Mortgage rates poised to rise as U.S. Treasury yields surge
LOS ANGELES (AP) — The long period of record-low rates on home loans could soon be over.
Long-term bond yields, which can influence interest rates on mortgages and other consumer loans, are climbing this month amid expectations of higher U.S. government spending on pandemic relief and an economy recovery as more people get vaccinated for COVID-19.
The yield on the 10-year Treasury briefly hit 1.18% earlier this week. That’s up from less than 0.90% at the start of the year and the highest since last March. Yields rise when bond prices fall.
Economists forecast further modest mortgage rate rises this year. While that's unlikely to derail the red-hot housing market, it could make it tougher for would-be homebuyers.
“As bright as the prospects are for the economy after vaccines have reached critical mass, there are still a lot of economic sore spots that we have to work through between now and then,” said Greg McBride, chief financial analyst at Bankrate. “It’s still going to be a very low-rate environment, even for long-term rates like mortgages.”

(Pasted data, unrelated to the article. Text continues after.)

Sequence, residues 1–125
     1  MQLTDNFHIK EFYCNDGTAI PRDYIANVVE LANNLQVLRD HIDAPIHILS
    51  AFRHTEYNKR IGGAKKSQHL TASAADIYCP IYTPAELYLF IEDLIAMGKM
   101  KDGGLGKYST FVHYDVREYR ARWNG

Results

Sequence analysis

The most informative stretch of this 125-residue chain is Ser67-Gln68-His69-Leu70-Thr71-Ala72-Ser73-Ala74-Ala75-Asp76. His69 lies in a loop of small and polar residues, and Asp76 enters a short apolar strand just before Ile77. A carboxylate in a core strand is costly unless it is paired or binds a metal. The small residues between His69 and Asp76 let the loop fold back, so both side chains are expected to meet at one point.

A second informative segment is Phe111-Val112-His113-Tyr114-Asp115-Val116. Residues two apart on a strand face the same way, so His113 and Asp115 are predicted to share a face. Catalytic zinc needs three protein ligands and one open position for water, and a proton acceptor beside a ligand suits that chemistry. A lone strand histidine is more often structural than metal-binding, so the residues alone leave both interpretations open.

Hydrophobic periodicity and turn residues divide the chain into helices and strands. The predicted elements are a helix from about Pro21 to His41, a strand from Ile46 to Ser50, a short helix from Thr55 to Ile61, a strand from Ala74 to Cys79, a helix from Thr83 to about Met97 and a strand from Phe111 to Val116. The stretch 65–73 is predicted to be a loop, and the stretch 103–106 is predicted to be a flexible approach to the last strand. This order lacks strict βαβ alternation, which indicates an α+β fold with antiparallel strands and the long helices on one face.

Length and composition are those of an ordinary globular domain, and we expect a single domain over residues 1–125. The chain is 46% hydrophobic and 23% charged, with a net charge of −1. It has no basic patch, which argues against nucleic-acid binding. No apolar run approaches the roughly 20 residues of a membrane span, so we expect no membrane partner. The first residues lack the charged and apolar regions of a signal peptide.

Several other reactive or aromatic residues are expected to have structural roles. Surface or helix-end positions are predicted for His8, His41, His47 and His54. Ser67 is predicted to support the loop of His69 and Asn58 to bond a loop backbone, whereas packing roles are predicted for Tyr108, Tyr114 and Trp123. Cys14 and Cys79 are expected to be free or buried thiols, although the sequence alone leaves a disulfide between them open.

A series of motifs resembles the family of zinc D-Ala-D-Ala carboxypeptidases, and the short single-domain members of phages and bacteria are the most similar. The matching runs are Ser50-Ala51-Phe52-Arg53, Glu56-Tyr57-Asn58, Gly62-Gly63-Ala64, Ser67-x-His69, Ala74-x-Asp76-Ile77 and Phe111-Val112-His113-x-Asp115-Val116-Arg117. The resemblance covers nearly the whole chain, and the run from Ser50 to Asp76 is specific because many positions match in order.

Home loan rates tend to track moves in the 10-year Treasury yield. Damage from the coronavirus pandemic on the U.S. and global economies fueled demand for U.S. bonds, pushing their yields lower. As a result, home loan rates also fell through most of 2020.
The average rate on the benchmark 30-year fixed-rate home loan slipped to 2.65% last week, a record low, according to mortgage buyer Freddie Mac. The rate stood at 3.64% a year ago.
McBride forecasts that the average rate on a 30-year mortgage will rise to 3.1% by the end of the year. That’s in line with the National Association of Realtors’ outlook and close to the 3.2% forecast from the Mortgage Bankers Association.
Record-low mortgage lending rates helped...
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